Czech Republic Janáček, From the House of the Dead, Glagolitic Mass: Soloists, Chorus and Orchestra of the National Theatre, Brno / Jakub Hrůša (Conductor), Livestreamed on OperaVision from the National Theatre, Brno, 6.11.2022 (RB)
Director – Jiří Heřman
Costumes – Tomáš Rusín
Lighting – Zuzana Štefunková Rusínová
Choreography – Jan Kodet
Dramaturgy – Patricie Částková
Chorus masters – Martin Buchta, Pavel Koňárek
From the House of the Dead
Alexander Petrovich Gorjanchikov – Roman Hoza
Luka – Filka Morozov / Cobbler’s Wife – Gianluca Zampieri
Skuratov/Priest’s Wife – Peter Berger
Shishkov/Miller – Pavol Kubáň
Prison Governor – Jan Šťáva
Aljeja – Jarmila Balážová
Eagle – Michal Heriban
Soprano – Kateřina Kněžíková
Alto – Jarmila Balážová, Jana Hrochová
Tenor – Peter Berger, Eduard Martyniuk
Bass – Jan Šťáva, Josef Škarka
This superb new production from the Janáček Festival in Brno fuses together two of the great works written towards the end of the composer’s life. From the House of the Dead was the composer’s final opera. Janáček adapted the libretto from Dostoevsky’s 1862 novel of the same name which describes life in a Siberian prison camp. It is constructed around three monologues delivered by Luka, Skuratov and Shishkov. The opera also depicts a touching friendship between the nobleman, Gorjanchikov, who is seen entering the prison at the beginning and leaving at the end, and a young Tartar, Aljeja. Janáček wrote, ‘In every creature, a spark of God’ at the beginning of the score and he was clearly interested in finding the humanity in these dark souls and redemption in this bleak setting. The Glagolitic Mass uses the old Slavic alphabet and it follows the five-movement format of the Catholic mass.
Jiří Heřman’s set used a variety of backdrops to depict the Siberian setting including frozen wastelands, natural settings and dark emerald forests. The opera opened showing a spreadeagled Christ-like figure (Michal Heriban) suspended in mid-air. This silent figure was present throughout the entire production: the crucified Christ suffered with the prisoners and comforted the hurt and oppressed. Chained prisoners rose on to the stage with their dark cells at the back providing an ominous backdrop. The prisoners were all bald and dressed in black and a number had black crosses painted on the back of their head.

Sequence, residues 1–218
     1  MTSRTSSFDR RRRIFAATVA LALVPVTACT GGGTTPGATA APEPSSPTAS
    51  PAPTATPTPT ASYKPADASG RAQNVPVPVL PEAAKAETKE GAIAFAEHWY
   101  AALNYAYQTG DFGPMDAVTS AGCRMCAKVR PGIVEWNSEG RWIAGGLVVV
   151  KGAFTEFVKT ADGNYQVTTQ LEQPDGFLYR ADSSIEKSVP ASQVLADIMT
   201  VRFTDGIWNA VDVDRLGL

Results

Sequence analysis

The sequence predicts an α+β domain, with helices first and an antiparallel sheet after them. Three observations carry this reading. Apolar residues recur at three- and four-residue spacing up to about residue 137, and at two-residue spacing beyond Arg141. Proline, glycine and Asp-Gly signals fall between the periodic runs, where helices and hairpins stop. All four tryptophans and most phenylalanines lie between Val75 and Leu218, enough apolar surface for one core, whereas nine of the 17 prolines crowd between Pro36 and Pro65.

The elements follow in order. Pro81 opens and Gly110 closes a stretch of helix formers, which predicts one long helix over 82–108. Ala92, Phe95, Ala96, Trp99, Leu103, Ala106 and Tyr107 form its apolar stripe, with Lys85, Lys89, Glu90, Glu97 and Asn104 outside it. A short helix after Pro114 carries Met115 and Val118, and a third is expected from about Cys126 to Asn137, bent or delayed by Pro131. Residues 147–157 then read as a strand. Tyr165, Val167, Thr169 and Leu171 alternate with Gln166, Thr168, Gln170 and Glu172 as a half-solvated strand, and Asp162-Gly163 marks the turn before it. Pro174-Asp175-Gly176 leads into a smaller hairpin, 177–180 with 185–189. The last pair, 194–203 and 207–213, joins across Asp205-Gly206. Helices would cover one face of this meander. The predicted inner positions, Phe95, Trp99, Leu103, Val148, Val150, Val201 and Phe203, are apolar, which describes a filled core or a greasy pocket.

In the second act we saw the prisoners working on a skeletal boat. The ensuing scene fused the sacred and the profane as a priest blessed the prisoners before they enacted a raunchy, humorous play about the final days of Don Juan. The Christ-like figure swooped in to cradle the injured Aljeja as the end of the act. The final act, which was set in a hospital ward, morphed imperceptibly into the performance of the Glagolitic Mass. The silent women in the opera were transformed into an angelic chorus all wearing white. As the movements of the Mass progressed, the performers created Christian tableaux including the Pietá and the Last Supper.
I was surprised how well the two works seemed to fit together so seamlessly. While the Christian symbolism might seem old fashioned in our cynical times, it reflected Janáček’s conception perfectly. The Christ in this production is the suffering servant of the irredeemable, the destitute and the oppressed. While many of the prisoners in the opera described the terrible crimes they committed, the production gave them a human face, reminding us of the need to see everyone as people.
Gianluca Zampieri, Peter Berger and Pavol Kubáň all acquitted themselves well in their respective monologues. There were some initial balance issues between Zampieri and the orchestra but these were quickly resolved. Zampieri’s dark timbres seemed to find the heart of darkness in his tale. Berger brought a rich luminous tone to Skuratov’s story while Kubáň acted out his monologue in a highly effective and dramatic way. Soprano Kateřina Kněžíková and tenor Peter Berger both sang beautifully in the Glagolitic Mass. The rest of the cast all acquitted themselves well. The chorus were terrific throughout the production both dramatically and musically. They displayed an impressive dynamic range and were highly effective in communicating Janáček’s idiosyncratic music.
Like the composer, conductor Jakub Hrůša is from Brno and he displayed a sophisticated understanding of the music. Hrůša will succeed Antonio Pappano as music director at the Royal Opera House from the 2024/25 season. He and the National Theatre Orchestra did an excellent job fusing together the spiky elements of the score with the highly expressive melodies. They brought enormous energy to the rhythmic ostinatos in the opera while capturing the shifts of mood and atmosphere. The strings seemed to relish the asymmetrical rhythms in the Glagolitic Mass while the brass and timpani brought out the underlying primitivism in the score.
This was a first-rate and highly imaginative production from the Janáček Festival.